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An invisible wound: mental illness is troubling Hong Kong after anti-extradition bill protest

A graffiti at Victoria Park during the anti-extradition bill protest, meaning "summer-winter." Photo credit: Felicity

A recent study found that one-fifth of Hong Kong adults have suffered from mental illness after experiencing the half-year long anti-extradition bill protest, but few are seeking psychological counselling.

The study, published by the Faculty of Medicine of the University of Hong Kong in The Lancet on 9 January, looked at mental health in Hong Kong between 2009 and 2019. Researchers randomly sampled Hong Kong people aged 18 and above. They found that roughly one in five Hong Kong adults reported symptoms of probable depression or suspected post-traumatic stress disorder (PTSD) since the anti-extradition bill protest started in June 2019. 

Among 18,000 respondents, those who suffered from probable depression went up five times from approximately 2% to 11.2% by the end of 2019. Only 5% of the respondents said they suffered from PTSD in March 2015, but that rose to more than 30% by the end of November 2019. 

"The increase corresponds to an additional 1.9 million adults with PTSD symptoms," the research indicated.

"This is definitely abnormal," said Gabriel Leung, Dean of the School of Medicine at the University of Hong Kong who took part in the research. 

Hong Kong was embroiled in the protest movement for seven months, triggered by the now withdrawn extradition bill. The protest has since turned into a mass anti-government movement, with protesters insisting on the four remaining demands – independent commission of inquiry into the police force, retraction of the classification of "rioters", amnesty for arrested protesters and dual universal suffrage.

A graffiti in Central during the anti-extradition bill protest.. Photo credit: Felicity

"Seeing people suppressed by the government while there's nothing much I can do made me angry and upset," said Felicity, a university student who did not want to reveal her full name for fear of cyberbullying. She reported feeling mentally distressed during the protest. 

As a student from mainland China, Felicity found her political stance is different from most people around her. Publicly expressing her support to the protesters had brought her cyber hatred.

"I feel like I'm being marginalized and it makes me anxious," she said.

Jamie Cheng, Chairman of Hong Kong Psychological Society Division of Clinical Psychology, explained that the unrest created a disturbing social environment.

"People's lives are disrupted. Seeing so much violence between the police and protesters while the demands are still not met can definitely cause distress," she said.

To reduce depression, Jamie suggested setting a time limit on the use of social media.

"We found that most people are strongly affected by online news, especially seeing too many violent scenes on social media," she said, "and it's advisable to stop reading or watching these half an hour before going to bed because the brain needs time to process the information."

The study also found that adults aged 60 or above, particularly those who are less educated or have lower income, reported a higher prevalence of probable depression.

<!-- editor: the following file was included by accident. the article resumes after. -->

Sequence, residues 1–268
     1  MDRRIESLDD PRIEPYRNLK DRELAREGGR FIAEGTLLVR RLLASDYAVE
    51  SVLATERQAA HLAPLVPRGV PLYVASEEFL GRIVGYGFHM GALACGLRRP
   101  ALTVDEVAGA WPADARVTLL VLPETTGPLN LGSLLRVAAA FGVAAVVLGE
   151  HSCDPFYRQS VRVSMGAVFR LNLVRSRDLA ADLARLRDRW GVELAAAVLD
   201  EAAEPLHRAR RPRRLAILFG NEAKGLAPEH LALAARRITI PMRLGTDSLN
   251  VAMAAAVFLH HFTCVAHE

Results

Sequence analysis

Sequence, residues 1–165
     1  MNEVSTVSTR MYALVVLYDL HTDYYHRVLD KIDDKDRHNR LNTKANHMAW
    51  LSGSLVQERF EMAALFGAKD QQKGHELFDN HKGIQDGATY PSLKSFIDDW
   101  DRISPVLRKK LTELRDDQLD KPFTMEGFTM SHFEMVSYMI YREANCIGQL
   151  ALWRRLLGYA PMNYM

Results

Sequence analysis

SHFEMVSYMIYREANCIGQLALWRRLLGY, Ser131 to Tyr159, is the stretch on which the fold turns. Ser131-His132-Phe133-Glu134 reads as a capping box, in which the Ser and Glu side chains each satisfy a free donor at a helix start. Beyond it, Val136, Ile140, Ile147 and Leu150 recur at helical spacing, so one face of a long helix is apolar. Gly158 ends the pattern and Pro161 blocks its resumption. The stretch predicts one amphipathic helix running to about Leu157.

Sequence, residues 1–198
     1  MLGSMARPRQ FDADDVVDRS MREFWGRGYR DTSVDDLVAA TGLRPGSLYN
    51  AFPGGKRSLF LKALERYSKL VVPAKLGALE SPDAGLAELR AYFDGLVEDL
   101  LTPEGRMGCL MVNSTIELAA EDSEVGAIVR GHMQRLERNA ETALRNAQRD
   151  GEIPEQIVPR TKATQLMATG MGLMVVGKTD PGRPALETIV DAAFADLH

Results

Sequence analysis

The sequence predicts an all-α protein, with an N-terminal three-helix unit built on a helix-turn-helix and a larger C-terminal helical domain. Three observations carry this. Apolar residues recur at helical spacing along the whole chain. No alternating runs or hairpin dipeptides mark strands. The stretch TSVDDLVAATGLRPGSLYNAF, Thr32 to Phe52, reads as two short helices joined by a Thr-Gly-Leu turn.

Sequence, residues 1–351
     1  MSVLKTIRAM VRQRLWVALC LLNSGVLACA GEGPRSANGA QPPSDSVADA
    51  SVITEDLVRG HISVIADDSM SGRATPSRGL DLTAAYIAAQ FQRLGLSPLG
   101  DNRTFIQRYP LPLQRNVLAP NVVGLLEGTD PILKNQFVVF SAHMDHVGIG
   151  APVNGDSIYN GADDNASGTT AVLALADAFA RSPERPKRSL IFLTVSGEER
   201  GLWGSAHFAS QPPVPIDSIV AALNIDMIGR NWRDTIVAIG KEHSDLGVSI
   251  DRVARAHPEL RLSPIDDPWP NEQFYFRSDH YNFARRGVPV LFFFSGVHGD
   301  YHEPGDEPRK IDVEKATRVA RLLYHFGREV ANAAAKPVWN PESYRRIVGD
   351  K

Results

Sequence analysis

"But when we asked them whether they would seek professional counselling, less than half of them told us they would," Leung said. The study done by HKU concluded that reasons for people not seeking medical help included self care, seeking help from family or friends, and the perception that health-care professionals would not be able to help.

Felicity believes that talking with people who shared the same political stance with her is helpful.

"People with the same political views can bring me a sense of belonging. They make me feel that I'm not alone and it reduced my frustration," she said.

Jamie pointed out that some people don't want to seek help from therapists with a different political stance as they don't believe the therapists can understand them, but that, she believed should not be a reason not to seek treatment.

"As professional helpers, we are there to support patients' emotions and psychological well being, not to educate them. We are expected to be open to opposite and controversial views," said Jamie.

She also found that although most of the protesters tend to be young, few of those who have sought help are under 30 years old.

"Some social workers have told me that, for some university students don't want to be too emotional right now because they regard the protest as a war and the emotional talk will weaken their motivation," Jamie explained.

A 22-year-old man named Michael who was involved in the protest felt that way.

He was very active on various social media platforms. He took part in many protest-related discussion groups online. He wasn't willing to disclose too much about himself and the activities he was doing for fear of cyberbullying.

"I' felt anxious and distressed for a few weeks. I couldn't sleep well because I couldn't stop thinking about the protest. I'm angry with the police, the government and people who don't care. Although I'm aware that I might have some mental problems, I prefer not to deal with it now. I want to keep my anger to motivate myself to fight," Michael said.

According to Jamie, the reluctance to seek psychological help is a long standing problem in Hong Kong but the situation is getting better.

"What we are really concerned about is whether the social unrest continues. There is going to be a shortage in health care services as more and more people develop mental illness," Jamie said.

《The Young Reporter》

The Young Reporter (TYR) started as a newspaper in 1969. Today, it is published across multiple media platforms and updated constantly to bring the latest news and analyses to its readers.


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